What art student doesn't groan at the hackneyed problems too often assigned in art classes, such as a still life and chianti bottles, old chairs, and large cloths draped over the whole scene? Here, in the first book ever of its kind, is a collection of interesting and original ideas for drawing projects, contributed by art instructors from all over the United States (and a few from Canada, Great Britain, and Australia) who have invented successful alternatives to humdrum exercises. The accompanying illustrations demonstrate ways in which their students have addressed the assignments and are included to help the reader visualize what might result from the written description. This book will be a welcome resource for art teachers and students in high school, college, graduate programs, and art schools, as well as artists undertaking independent study. Among the 100 drawing ideas are: Drawing with a piece of charcoal held between the toes— to explore how limitations often bring out great creativity. Adopting a mouse's-eye view of a still life— an unusual twist on perspective drawing. Making a self-portrait that does not show the head but tells something significant about the artist through the depiction of other parts of the body— an original way of investigating " Who am I?" Constructing a figure from assembled objects and then drawing it— for those times when a live human model is unavailable. Creating a personal visual representation of the blues musical genre— to discover how one art form engenders another.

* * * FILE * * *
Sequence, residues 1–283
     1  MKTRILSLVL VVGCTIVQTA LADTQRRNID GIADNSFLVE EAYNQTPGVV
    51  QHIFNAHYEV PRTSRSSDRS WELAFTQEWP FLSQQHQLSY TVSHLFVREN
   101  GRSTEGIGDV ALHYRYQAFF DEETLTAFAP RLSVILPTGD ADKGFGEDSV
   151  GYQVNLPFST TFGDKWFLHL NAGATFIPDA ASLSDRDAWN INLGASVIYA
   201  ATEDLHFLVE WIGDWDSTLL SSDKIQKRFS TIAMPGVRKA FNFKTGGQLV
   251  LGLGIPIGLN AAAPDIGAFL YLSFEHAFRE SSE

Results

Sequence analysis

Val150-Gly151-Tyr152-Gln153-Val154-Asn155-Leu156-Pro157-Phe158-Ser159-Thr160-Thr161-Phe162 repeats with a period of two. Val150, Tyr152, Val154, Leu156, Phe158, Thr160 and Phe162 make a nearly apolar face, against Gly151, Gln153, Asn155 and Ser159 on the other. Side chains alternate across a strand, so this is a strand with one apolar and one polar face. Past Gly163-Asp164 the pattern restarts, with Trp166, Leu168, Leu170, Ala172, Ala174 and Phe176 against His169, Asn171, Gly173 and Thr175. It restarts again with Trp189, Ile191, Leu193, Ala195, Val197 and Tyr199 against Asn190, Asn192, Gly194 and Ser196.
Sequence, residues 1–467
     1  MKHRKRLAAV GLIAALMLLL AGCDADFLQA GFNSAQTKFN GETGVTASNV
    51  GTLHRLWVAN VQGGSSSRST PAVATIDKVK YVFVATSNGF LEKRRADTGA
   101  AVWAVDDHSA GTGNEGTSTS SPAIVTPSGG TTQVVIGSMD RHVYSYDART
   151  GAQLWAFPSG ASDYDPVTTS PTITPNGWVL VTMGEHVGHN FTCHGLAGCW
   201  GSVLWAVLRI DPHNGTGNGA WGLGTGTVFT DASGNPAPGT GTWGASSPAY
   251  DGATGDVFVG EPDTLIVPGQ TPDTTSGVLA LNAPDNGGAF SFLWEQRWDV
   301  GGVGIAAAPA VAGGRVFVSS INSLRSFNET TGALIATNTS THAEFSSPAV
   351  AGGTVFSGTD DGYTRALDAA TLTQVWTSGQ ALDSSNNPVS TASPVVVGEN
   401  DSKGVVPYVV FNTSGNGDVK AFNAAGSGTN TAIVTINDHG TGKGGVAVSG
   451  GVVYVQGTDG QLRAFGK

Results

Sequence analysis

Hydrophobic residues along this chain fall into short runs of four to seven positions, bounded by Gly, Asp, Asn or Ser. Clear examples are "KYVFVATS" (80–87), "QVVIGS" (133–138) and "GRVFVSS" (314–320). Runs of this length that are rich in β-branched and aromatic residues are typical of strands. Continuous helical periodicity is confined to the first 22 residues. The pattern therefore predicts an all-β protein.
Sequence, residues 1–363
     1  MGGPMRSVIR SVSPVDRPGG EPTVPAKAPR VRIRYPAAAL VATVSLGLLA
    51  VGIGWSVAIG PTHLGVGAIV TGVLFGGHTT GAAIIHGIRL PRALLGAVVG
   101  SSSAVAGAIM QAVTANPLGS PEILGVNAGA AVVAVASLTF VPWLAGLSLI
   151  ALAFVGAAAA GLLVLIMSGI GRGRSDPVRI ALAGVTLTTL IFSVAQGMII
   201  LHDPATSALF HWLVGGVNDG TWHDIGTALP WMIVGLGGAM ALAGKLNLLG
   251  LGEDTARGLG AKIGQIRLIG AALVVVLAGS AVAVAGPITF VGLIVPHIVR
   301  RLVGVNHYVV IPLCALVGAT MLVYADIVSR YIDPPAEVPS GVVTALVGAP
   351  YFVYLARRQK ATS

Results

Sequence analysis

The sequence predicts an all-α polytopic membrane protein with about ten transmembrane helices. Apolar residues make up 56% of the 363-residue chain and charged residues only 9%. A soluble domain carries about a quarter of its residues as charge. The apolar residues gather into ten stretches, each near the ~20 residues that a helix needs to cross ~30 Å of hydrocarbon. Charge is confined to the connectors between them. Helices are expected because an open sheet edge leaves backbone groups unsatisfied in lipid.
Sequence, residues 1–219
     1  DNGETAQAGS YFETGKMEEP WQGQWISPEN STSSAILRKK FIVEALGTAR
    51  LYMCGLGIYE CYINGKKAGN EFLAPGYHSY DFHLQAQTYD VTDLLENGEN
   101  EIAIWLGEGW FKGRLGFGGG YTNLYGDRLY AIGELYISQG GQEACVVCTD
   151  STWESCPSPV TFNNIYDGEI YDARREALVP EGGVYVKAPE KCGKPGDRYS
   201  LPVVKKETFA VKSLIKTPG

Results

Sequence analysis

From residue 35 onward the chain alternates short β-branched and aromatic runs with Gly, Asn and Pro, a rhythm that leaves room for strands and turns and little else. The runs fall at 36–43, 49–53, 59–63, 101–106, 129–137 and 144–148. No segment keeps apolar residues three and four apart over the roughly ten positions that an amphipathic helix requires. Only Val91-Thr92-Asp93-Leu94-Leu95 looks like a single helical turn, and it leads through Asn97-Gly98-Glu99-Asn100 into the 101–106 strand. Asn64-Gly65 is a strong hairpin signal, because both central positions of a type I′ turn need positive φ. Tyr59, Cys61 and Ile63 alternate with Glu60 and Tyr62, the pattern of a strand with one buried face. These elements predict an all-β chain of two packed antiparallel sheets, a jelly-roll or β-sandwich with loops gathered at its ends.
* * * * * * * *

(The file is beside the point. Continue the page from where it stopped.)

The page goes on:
About the Author
Anna Held Audette (1938-2013) was a painter, printmaker, and photographer who has works in numerous collections, including the Metropolitan Museum of Art and the National Gallery. She was Professor of Art at Southern Connecticut State University.